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Monday, October 25, 2010

Appropriations and Fund Transfers in the Patient Protection and Affordable Care Act (PPACA)

C. Stephen Redhead
Specialist in Health Policy

On March 23, 2010, President Obama signed into law a comprehensive health care reform bill, the Patient Protection and Affordable Care Act (PPACA; P.L. 111-148). The following week, on March 30, 2010, the President signed the Health Care and Education Reconciliation Act of 2010 (HCERA; P.L. 111-152), which amended various health care and revenue provisions in PPACA.

Among its many provisions, PPACA (as amended by HCERA) restructures the private health insurance market, sets minimum standards for health coverage, creates a mandate for most U.S. residents to obtain health insurance, and provides for the establishment by 2014 of insurance exchanges through which certain individuals and families will be able to receive federal subsidies to reduce the cost of purchasing that coverage. The new law expands eligibility for Medicaid; amends the Medicare program in ways that are intended to reduce the growth in Medicare spending that had been projected under preexisting law; imposes an excise tax on insurance plans found to have high premiums; and makes other changes to the tax code, Medicare, Medicaid, and numerous other federal programs.

In some instances, PPACA mandates appropriations or requires the Secretary to transfer from the Medicare Part A and Part B trust funds billions of dollars to support new or existing grant programs and other activities. This report summarizes those mandated appropriations and fund transfers. They include funding for a temporary insurance program for individuals who have been uninsured for several months and have a preexisting condition, as well as funding for states to plan and establish exchanges. PPACA also provides funding for various Medicare and Medicaid demonstration programs, for the creation of a Center for Medicare and Medicaid Innovation to test and implement innovative payment and service delivery models, and for an independent board to provide Congress with proposals for reducing Medicare cost growth and improving quality of care for Medicare beneficiaries.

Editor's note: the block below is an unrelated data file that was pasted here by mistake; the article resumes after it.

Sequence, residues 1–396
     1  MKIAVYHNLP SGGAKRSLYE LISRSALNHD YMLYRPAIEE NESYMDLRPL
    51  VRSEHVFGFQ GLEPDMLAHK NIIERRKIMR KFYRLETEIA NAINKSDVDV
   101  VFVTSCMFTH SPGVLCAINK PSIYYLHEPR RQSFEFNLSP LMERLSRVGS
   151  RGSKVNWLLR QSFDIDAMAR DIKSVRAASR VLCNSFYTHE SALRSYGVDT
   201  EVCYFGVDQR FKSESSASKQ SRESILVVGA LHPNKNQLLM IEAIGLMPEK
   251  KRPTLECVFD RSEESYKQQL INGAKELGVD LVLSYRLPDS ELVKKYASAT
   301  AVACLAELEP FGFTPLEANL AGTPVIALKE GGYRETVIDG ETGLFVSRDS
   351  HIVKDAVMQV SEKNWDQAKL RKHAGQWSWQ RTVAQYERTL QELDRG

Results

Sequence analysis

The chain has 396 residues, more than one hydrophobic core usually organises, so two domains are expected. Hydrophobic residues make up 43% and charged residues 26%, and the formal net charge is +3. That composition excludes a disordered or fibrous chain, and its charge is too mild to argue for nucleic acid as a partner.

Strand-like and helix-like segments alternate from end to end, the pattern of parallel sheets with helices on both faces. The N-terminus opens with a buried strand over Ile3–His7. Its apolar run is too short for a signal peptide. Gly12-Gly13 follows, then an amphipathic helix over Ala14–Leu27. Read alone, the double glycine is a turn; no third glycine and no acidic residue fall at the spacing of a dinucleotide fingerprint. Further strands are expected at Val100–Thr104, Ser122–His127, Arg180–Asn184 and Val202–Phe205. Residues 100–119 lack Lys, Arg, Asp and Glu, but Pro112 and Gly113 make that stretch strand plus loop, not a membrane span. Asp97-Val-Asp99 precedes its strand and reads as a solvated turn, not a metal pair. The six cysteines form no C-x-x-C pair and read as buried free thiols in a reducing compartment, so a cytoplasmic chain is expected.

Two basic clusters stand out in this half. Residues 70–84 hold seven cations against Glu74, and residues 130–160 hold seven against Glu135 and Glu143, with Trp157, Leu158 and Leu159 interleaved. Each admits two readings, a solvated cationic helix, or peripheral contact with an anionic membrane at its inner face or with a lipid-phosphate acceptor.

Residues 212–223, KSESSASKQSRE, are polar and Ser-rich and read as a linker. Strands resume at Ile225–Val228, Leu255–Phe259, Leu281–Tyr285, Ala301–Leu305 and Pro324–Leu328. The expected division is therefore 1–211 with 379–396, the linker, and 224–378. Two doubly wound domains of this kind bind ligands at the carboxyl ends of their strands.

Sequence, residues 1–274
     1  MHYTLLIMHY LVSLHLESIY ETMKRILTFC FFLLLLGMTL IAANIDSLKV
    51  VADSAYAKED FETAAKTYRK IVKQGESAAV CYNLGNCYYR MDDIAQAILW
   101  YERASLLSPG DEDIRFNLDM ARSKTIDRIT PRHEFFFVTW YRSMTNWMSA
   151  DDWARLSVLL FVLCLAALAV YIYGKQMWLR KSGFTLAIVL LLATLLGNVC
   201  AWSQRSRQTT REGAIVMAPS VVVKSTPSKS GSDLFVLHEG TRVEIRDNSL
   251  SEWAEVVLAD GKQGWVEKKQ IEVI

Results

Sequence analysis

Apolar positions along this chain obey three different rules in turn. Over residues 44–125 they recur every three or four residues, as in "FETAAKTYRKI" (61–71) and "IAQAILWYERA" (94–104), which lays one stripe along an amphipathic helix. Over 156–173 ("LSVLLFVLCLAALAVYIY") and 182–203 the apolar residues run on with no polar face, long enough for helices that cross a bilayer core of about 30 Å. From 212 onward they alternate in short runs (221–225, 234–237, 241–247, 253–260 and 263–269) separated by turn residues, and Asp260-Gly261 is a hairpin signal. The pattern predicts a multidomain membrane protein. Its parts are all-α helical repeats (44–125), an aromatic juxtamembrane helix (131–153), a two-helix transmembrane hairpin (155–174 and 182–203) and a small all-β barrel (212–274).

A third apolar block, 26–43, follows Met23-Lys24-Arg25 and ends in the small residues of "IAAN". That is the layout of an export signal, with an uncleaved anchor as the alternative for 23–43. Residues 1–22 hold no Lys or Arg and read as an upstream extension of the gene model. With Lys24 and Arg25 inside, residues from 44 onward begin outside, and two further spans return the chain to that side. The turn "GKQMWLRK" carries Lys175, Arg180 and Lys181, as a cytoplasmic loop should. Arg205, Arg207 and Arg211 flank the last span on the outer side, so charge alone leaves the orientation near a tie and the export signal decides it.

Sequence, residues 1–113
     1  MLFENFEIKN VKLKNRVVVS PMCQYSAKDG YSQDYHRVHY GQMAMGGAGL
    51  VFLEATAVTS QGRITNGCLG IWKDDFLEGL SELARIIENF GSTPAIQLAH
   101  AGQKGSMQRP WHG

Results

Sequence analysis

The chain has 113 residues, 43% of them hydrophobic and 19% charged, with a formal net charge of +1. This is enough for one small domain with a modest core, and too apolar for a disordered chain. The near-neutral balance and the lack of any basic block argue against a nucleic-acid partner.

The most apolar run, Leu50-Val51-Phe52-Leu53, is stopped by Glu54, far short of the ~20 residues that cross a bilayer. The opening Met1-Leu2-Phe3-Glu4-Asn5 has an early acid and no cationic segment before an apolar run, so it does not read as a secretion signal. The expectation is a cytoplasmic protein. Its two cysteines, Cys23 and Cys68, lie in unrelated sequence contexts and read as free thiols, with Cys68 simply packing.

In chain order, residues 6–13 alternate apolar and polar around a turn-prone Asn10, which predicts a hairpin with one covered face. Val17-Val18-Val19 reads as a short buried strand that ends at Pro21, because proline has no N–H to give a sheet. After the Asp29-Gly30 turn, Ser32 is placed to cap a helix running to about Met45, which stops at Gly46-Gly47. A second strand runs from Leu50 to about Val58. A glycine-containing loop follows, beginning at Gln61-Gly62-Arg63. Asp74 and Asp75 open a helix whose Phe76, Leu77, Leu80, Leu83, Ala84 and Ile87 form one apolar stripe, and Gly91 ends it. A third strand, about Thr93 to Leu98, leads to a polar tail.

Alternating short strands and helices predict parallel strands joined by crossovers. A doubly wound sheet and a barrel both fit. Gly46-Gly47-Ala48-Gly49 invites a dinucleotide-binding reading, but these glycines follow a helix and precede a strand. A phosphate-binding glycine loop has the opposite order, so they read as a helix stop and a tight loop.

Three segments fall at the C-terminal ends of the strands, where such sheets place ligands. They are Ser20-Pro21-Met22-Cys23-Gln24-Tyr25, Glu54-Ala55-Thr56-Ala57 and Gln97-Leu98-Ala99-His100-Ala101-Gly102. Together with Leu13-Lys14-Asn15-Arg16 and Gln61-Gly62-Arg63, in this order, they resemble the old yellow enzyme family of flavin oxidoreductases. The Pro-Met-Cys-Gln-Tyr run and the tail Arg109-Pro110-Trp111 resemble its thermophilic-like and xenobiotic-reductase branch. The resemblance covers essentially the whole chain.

Among other provisions, the new health reform law appropriates funding for health workforce and maternal and child health programs, and establishes three multi-billion dollar funds. The first fund will provide a total of $11 billion over five years in supplementary funding for community health centers and the National Health Service Corps. (A separate appropriation provides $1.5 billion for health center construction and renovation.) The second fund will support comparative effectiveness research through FY2019 with a mixture of appropriations and fund transfers. The third fund, which is funded in perpetuity, is to support prevention, wellness, and other public health-related programs and activities authorized under the Public Health Service Act (PHSA).

In addition to the mandated appropriations and fund transfers discussed in this report, PPACA authorizes new funding for numerous existing discretionary grant and other programs and activities, primarily ones authorized under the PHSA. It also creates a number of new discretionary grant programs and activities and provides for each an authorization of appropriations. Funding for all of these discretionary programs and activities is subject to action by congressional appropriators. A companion product, CRS Report R41390, Discretionary Funding in the Patient Protection and Affordable Care Act (PPACA), summarizes all the provisions in PPACA for which appropriations are authorized. 
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Date of Report: October 14, 2010
Number of Pages: 14
Order Number: R41301
Price: $29.95

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